Serxu to Manigango & Dzogchen Gompa / 石渠 到 马尼干戈 与 竹庆佛学院

Serxu to Manigango & Dzogchen Gompa

石渠 到 马尼干戈 与 竹庆佛学院

We pass quickly through Serxu Xian, the modern administrative town, 35 kilometres after the huge Serxu monastery. Our driver seems concerned that the local police may look for an excuse to fine him, just because he has Qinghai number plates.

It feels like a long drive now. Progress is brisk, as the road is paved and in reasonable condition, but in general, signs of life are few and far between; we pass a few Tibetan villages with the odd monastery.

In some places the landscape is a bit less harsh; we pass a large lake, surrounded by soft, green hills.

Soon after, there is a succession of passes and the landscape changes abruptly. Suddenly, we are back on the wild, inhospitable grasslands. The weather is even more changeable: one minute we driving through blazing sunshine; the next black clouds appear and a huge downpour engulfs us. Then it’s sun again, followed by snow and an incredible hail storm; all within an hour.

It’s early afternoon by now. As we cross yet another pass, a huge, snow- peaked mountain range comes into view: it’s absolutely amazing!

The road drops down to the valley floor and runs along, next to a winding, swift- flowing river, but the peaks never leave us. Every bend seems to afford an even better view.

I’m worried that I may be annoying the driver, asking him constantly to stop, so that I can take yet another photo… I needn’t have worried though, because he’s busy taking photographs himself with his mobile phone.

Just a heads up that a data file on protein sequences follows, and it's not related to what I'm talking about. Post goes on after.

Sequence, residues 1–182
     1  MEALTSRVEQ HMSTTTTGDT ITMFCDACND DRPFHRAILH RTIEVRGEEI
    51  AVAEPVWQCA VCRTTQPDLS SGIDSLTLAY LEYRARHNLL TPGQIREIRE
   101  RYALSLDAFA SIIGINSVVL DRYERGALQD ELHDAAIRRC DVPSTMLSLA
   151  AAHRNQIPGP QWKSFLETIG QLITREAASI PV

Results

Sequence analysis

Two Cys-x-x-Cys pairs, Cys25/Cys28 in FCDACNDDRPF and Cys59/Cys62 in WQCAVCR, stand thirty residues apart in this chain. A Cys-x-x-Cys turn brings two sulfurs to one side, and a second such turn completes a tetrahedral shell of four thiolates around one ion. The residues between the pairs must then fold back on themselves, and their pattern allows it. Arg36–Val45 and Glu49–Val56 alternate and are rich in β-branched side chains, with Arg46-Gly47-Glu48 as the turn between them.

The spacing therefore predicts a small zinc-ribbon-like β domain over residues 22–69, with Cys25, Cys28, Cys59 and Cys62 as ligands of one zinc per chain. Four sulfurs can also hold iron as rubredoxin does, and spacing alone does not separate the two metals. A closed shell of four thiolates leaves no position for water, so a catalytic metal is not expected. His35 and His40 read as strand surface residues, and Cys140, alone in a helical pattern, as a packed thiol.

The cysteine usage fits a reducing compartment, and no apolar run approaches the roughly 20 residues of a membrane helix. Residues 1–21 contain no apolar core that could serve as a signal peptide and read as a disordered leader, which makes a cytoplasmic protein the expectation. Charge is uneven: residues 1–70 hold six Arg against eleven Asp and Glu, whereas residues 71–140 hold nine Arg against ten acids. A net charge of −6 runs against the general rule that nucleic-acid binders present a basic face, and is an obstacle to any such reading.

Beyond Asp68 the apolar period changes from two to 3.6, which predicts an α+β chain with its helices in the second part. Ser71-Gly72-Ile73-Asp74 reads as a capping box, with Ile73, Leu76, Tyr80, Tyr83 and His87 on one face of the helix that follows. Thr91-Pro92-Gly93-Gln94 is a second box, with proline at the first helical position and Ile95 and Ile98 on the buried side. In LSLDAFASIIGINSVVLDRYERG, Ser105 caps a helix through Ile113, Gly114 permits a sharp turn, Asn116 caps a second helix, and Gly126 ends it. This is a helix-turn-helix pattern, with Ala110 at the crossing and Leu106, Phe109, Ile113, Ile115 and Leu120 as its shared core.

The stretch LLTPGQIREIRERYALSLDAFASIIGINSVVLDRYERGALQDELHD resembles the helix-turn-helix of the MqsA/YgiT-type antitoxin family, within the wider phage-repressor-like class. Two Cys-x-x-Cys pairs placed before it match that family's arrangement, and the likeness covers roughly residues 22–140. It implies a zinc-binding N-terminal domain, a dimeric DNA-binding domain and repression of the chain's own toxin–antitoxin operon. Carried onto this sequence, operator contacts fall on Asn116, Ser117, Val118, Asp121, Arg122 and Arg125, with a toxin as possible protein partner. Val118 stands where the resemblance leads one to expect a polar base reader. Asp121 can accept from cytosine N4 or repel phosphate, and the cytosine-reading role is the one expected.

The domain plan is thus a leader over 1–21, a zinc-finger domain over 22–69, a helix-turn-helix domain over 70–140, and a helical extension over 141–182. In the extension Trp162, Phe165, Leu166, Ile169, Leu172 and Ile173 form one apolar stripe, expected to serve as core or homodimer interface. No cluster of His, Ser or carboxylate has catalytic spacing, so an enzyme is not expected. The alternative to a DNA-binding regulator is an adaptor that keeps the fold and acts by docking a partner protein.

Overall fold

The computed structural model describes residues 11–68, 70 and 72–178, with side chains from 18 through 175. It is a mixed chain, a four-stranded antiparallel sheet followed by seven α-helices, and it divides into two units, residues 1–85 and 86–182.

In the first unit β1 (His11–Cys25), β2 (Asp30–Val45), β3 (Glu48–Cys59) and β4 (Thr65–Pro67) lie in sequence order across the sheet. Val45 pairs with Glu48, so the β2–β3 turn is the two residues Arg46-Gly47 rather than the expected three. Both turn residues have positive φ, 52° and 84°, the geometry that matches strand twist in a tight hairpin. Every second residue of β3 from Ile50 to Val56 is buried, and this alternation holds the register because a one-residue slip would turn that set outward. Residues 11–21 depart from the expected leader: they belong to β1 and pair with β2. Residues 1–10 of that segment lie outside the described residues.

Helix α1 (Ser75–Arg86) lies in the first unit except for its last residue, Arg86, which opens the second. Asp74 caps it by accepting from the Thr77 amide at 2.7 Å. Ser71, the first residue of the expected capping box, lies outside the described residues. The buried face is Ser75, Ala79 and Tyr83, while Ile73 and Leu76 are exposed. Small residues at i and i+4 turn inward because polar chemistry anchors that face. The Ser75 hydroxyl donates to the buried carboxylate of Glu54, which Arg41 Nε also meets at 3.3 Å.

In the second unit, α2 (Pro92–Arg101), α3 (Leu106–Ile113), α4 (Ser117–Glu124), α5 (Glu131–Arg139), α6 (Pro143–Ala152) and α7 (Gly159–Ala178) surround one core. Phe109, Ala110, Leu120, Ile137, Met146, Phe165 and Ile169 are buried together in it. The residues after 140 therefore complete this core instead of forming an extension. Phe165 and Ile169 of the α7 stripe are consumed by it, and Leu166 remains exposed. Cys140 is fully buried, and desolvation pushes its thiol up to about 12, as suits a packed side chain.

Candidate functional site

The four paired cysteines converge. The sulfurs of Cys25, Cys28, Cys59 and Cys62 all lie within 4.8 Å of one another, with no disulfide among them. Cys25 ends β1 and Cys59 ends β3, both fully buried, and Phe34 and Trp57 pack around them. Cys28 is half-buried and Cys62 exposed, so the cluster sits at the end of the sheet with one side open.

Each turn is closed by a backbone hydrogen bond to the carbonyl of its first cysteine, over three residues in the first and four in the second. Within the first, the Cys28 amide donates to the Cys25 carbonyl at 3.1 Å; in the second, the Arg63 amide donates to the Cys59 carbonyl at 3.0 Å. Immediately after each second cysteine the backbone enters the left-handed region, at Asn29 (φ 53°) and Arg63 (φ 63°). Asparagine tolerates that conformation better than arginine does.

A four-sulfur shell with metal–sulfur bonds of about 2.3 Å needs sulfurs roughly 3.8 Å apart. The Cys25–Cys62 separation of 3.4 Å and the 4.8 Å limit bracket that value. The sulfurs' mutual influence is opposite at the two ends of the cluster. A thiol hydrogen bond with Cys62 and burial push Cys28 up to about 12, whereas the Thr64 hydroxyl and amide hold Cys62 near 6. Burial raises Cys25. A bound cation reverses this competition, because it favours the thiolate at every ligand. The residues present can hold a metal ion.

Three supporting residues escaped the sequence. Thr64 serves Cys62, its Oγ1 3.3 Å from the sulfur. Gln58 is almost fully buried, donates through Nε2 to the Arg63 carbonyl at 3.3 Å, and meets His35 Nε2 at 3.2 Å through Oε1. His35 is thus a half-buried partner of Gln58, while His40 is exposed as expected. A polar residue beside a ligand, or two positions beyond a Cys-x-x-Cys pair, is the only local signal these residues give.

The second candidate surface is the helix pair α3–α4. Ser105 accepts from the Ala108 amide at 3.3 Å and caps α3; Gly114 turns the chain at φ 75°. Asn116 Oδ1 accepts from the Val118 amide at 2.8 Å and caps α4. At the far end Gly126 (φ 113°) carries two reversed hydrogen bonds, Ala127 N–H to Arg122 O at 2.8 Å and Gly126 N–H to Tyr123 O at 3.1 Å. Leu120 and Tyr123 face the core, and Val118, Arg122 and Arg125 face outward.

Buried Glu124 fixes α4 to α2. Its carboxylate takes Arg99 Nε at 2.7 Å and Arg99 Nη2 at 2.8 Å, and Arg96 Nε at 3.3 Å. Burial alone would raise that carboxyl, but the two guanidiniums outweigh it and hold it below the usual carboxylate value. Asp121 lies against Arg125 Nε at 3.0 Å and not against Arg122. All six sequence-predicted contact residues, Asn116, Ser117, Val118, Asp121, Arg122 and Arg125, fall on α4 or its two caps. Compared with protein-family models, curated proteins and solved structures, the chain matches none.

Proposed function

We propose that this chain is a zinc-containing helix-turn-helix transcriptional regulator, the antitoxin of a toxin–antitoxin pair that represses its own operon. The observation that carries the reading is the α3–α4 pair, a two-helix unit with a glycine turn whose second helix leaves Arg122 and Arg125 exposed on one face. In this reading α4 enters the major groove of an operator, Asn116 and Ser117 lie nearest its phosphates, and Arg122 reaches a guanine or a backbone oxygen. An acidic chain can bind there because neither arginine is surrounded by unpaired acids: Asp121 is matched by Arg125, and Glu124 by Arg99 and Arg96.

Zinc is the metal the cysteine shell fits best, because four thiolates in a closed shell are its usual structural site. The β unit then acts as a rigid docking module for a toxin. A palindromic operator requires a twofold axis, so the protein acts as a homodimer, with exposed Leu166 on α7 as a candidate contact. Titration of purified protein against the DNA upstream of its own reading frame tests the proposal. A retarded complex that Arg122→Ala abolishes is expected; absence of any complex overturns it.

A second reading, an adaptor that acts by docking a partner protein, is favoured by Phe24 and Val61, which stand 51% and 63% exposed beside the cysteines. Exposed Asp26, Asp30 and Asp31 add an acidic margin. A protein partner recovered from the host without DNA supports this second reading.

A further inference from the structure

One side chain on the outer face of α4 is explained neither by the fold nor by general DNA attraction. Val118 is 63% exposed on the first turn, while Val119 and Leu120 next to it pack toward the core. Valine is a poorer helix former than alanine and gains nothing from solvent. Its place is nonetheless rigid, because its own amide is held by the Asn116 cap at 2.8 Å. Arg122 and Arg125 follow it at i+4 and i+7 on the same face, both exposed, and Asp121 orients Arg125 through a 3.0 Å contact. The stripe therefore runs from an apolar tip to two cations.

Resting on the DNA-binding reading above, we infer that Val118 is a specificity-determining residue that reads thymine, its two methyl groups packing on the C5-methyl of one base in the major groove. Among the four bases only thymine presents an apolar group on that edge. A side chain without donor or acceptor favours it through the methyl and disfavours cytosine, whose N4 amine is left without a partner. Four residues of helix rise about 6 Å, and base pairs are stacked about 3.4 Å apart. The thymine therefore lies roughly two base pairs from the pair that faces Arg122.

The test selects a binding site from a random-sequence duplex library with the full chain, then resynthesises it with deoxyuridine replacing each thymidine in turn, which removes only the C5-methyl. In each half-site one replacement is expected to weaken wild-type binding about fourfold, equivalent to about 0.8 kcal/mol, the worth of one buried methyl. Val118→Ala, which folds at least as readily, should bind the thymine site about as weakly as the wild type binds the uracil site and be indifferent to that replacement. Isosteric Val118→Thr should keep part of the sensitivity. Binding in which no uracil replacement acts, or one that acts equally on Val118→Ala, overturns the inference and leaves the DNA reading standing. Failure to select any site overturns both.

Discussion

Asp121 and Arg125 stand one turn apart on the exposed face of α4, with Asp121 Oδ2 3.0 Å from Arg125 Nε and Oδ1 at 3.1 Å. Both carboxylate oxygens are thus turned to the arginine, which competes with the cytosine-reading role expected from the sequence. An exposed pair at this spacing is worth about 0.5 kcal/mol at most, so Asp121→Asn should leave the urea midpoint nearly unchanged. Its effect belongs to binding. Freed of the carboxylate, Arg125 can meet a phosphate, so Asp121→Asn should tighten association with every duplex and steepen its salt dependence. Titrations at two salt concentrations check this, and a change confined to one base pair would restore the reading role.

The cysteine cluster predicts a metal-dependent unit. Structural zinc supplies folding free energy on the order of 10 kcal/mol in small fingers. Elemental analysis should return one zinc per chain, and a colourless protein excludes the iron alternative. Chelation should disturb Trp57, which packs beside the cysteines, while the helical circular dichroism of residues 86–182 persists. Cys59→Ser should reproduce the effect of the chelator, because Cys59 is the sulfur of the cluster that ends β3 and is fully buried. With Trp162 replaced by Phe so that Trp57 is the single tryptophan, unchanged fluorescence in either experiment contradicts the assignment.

Meanwhile, we are looking out for the turn- off to the elusive Dzogchen Gompa; a monastery our driver has never heard of. After a number of near-misses, we finally spot it: how could we ever have missed it? There is a Mani wall, covered with brightly-coloured prayer flags, fluttering against a backdrop of mountains topped with whipped cream, below a traditional Tibetan town.

Everything is spectacular; my camera clicking finger is beginning to suffer from cramp.

We drive through the town; it looks wild. Traditionally- dressed Tibetan men and women swagger along the streets, while grubby children play in the mud. Scores of little shops and workshops whizz past our car.

Then there is a slight climb and suddenly before us, there is a temple- strewn valley. Even more astounding are the prayer flags: I thought the Princess Wencheng temple had a lot of them, but the Dzogchen Gompa is in another league.

There are heaps of prayer flags up and down the hillsides, but more interestingly, many of them are positioned to form shapes and patterns on the slopes. Even our driver is impressed; he says that he would like to take his wife here as soon as he can.

We explore a few monasteries. Though originally founded around 1675 by Dzogchen Pema Rigdzin, the monasteries are mostly new constructions, with more going up all the time.